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Lacanian Mirror Stage | Writing 101

Okay, let's take a step back. Way back. A little further. There you go. Calling Lacanian Mirror Stage "Writing 101" might be author malpractice, it's actually "Fairly Advanced Writing 5902" but, here we are.


When you get down to it, all talk about writing and how writing functions is Literary Theory. When I talk about Four Corner Opposition I frame it as though it's an instruction manual, but really: its a Theory. And it's up to you to decide if it works. The theories I usually instruct on are typically very functional and very universal, but sometimes I like to go a little higher.


I especially like to go to Lacanian Mirror Stage Theory as it applies to fiction, because I find it one of the best ways to Show, rather than Tell, character growth.


So, writers love to steal. Lacanian Mirror Stage Theory started life as a psychoanalytic theory proposed by Jacques Lacan, and it's been adapted into different disciplines since. Visual artists have a Lacanian Theory, Anthropologists have a Lacanian Theory, Behaviorists have a Lacanian Theory... you get the idea.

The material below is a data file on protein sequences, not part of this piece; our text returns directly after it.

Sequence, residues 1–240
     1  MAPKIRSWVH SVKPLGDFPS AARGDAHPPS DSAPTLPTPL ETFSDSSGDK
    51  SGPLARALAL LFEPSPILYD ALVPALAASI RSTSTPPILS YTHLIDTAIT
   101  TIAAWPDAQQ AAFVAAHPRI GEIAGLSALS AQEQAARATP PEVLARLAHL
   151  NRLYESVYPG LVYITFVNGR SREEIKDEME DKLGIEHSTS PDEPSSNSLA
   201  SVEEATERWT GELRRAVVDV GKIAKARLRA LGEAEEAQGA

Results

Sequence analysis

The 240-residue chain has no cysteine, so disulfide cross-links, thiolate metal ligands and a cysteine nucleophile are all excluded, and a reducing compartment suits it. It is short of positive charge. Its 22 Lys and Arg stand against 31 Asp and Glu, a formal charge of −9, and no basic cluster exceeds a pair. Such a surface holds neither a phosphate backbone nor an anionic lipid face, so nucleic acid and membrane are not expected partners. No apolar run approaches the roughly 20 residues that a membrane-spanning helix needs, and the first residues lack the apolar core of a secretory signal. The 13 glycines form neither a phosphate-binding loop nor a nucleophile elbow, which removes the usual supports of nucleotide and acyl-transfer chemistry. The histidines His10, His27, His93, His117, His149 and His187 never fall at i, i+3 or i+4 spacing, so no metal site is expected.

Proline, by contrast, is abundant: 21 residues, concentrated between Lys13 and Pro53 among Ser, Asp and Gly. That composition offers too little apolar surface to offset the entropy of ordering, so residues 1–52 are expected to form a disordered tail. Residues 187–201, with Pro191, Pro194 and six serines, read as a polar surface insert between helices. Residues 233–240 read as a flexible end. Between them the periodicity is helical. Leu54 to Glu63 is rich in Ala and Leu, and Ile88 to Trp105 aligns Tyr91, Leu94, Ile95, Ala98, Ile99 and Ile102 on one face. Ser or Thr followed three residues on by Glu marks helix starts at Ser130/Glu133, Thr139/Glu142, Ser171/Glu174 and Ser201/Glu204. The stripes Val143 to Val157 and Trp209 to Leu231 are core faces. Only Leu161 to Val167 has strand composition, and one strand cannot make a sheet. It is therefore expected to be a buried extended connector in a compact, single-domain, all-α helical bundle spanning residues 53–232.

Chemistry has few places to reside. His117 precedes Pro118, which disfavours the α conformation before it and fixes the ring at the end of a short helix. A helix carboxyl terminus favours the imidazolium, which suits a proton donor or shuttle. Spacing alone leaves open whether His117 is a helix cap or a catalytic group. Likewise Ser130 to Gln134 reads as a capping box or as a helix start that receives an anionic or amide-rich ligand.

But it started as a very simple way to describe an early stage of human development: recognizing your reflection. According to Lacan, by the time a child is around six months of age it will have passed all the "body discovery" stages: discovers their feet, discovers their hands, etc. But they don't yet have an idea of what they look like as a whole: as far as they're concerned, their hand just floats in front of them sometimes and is kind of in their control.


Then, at some point, your parent or loved one takes you in front of a mirror and they point to the reflection and they say: "Hey man, that's you." And for the first time you see not only those arms and legs, but the thing that connects them. You see your body, your face, your eyes. You see the whole of you for the first time, and you feel complete. But, because your loved one pointed to you reflection and not to you, you externalize your consciousness you make it an object. Boiled down: "I am not me, the reflection is me."


And according to Lacan, we spend the rest of our lives trying to feel that sense of completeness we felt for just a second when we first looked in that mirror, before it was ripped away.